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When Asita muni had told to King Shuddhodhana that

" If he becomes a householder, he will become a universal monarch.
But if he goes forth from the home to a homeless life, he will become a fully enlightened Buddha."

Asita was sure that the child would not remain a householder.
So when Asita was known all that, may we suppose him Buddha's teacher and if wasn't then who was Buddha's teacher.

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Between Gayā and the Place of Enlightenment the Ājīvaka Upaka saw me on the road and said: ‘Friend, your faculties are clear, the colour of your skin is pure and bright. Under whom have you gone forth, friend? Who is your teacher? Whose Dhamma do you profess? I replied to the Ājīvaka Upaka in stanzas:

I am one who has transcended all, a knower of all, Unsullied among all things, renouncing all, By craving’s ceasing freed. Having known this all For myself, to whom should I point as teacher?

I have no teacher, and one like me Exists nowhere in all the world With all its gods, because I have No person for my counterpart.

I am the Accomplished One in the world, I am the Teacher Supreme. I alone am a Fully Enlightened One Whose fires are quenched and extinguished.

I go now to the city of Kāsi To set in motion the Wheel of Dhamma. In a world that has become blind I go to beat the drum of the Deathless. - Ariyapariyesana Sutta

Having seen that there is no being in all the worlds who can be his counterpart let alone be his teacher, the Buddha appointed the Dhamma he realized as his teacher.

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    Thanks for great answer and may Buddha bless you 🤚 . Even I couldn't guess who can be his teacher but now I've got this he was only teacher of Dhamma otherwise Dhamma were there before Buddha. Thank you so much. – Swapnil Dec 11 '18 at 8:55
  • You're welcome! – Sankha Kulathantille Dec 11 '18 at 8:57
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The histories note that the Buddha spent time with one or two teachers prior to his recognition that they were inadequate. His Dhamma is unique in its form but he did not invent the truth and it is no coincidence that his teachings are in such close agreement with the Upanishads or are counted as an instance of the 'Perennial' philosophy.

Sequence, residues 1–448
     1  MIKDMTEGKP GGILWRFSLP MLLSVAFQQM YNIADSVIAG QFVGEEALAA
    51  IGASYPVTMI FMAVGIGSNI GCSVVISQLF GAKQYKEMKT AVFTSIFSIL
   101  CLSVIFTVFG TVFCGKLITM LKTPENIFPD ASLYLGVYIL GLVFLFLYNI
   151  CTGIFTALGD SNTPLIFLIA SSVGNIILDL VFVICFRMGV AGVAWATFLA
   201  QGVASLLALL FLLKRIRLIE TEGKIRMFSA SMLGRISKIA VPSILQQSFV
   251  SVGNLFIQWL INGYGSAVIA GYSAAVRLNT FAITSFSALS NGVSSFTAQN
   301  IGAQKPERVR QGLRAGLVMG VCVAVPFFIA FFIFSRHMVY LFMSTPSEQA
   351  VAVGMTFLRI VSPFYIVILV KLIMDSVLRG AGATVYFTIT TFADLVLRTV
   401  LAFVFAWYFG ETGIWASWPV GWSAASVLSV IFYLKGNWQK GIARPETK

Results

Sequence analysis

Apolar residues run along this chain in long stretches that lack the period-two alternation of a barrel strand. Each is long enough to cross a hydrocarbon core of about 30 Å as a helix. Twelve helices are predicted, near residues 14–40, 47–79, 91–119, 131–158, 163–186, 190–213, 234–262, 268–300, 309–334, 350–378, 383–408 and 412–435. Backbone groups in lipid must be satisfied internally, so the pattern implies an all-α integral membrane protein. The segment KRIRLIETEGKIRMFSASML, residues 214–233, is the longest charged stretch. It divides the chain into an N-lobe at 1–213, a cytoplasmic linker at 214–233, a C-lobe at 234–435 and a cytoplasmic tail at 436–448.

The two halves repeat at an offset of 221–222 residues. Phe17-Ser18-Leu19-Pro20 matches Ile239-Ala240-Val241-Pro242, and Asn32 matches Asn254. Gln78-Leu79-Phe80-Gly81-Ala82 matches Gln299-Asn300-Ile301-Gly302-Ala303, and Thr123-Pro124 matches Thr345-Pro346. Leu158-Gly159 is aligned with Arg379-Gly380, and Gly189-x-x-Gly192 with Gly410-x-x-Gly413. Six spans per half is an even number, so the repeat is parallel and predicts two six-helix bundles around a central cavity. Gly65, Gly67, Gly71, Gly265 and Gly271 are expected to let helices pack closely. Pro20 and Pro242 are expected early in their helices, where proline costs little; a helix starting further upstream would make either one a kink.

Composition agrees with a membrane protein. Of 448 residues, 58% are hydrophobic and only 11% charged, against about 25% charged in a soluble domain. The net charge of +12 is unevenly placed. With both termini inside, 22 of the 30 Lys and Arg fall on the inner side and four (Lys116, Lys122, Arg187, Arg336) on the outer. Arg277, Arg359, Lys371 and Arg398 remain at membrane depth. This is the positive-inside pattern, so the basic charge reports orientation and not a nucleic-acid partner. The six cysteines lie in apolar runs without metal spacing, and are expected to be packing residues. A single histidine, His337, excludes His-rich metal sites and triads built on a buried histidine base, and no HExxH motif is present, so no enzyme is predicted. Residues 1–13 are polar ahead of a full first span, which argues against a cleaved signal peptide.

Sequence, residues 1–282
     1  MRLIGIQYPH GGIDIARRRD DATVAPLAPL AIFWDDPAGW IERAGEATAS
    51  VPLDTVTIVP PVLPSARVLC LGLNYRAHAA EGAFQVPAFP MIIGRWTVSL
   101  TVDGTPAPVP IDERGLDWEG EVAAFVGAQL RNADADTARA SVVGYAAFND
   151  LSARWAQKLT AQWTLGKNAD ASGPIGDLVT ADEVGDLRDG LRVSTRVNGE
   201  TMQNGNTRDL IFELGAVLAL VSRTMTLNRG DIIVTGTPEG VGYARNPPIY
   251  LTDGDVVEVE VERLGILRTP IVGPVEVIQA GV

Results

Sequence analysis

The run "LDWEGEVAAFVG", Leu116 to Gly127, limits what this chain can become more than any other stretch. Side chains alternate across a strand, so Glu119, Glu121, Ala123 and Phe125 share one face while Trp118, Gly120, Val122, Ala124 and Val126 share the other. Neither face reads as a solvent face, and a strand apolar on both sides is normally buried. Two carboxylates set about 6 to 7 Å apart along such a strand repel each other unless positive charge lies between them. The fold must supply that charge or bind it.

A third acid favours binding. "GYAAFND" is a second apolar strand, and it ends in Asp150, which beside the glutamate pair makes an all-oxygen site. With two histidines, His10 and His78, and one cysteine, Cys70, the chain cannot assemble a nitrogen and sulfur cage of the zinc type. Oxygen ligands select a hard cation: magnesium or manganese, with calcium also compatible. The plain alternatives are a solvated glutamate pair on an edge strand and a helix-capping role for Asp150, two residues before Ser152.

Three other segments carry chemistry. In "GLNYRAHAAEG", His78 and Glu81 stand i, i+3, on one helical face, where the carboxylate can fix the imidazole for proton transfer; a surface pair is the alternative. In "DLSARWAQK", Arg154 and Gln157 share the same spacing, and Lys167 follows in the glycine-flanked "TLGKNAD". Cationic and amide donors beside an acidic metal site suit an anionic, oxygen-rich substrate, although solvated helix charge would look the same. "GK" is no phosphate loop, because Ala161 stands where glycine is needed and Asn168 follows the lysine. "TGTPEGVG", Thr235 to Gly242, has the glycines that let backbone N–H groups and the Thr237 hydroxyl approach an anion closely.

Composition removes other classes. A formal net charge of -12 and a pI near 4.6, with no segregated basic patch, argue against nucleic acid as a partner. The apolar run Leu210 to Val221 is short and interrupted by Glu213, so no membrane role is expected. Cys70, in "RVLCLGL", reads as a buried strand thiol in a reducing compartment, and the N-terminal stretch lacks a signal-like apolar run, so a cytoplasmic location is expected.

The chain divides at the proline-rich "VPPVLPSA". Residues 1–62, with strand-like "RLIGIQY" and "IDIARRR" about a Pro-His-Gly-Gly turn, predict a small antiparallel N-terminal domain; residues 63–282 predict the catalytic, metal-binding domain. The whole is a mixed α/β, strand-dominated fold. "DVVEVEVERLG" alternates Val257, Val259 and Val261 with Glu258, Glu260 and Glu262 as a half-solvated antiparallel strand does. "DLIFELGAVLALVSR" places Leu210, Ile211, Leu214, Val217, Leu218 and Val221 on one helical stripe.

But the only proper teacher is acquaintance with truth and so it is the Dhamma that is the true teacher, as the Buddha proposes.

  • I marked this answer down because the ideas in it are unsubstantiated. It would be better if it provided quotes & references. As for the Upanishads (unlike the Vedas), they are not mentioned in the suttas thus it appears the Buddha was not aware of them and that they probably were largely composed after the Buddha. – Dhammadhatu Dec 12 '18 at 0:46
  • @Dhammadhatu - The record of the time the Buddha spent with one or two teachers is public and a quick google will find it. It wouldn't matter when the Upanishads were composed. You're right to say they were largely composed later. The point is only that the Buddha;s message is not unique. If it were it would be implausible. His methods may be unique but truth is universal. – PeterJ Dec 12 '18 at 11:05
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Māra, the demon king, Māra, the afflicted being. Māra was the Buddha's greatest teacher.

We're looking for long answers that provide some explanation and context. Don't just give a one-line answer; explain why your answer is right, ideally with citations. Answers that don't include explanations may be removed.

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    In what sense, or according to what tradition? I think the suttas suggest that Mara was trying to prevent the Buddha's enlightenment. – ChrisW Dec 12 '18 at 8:08

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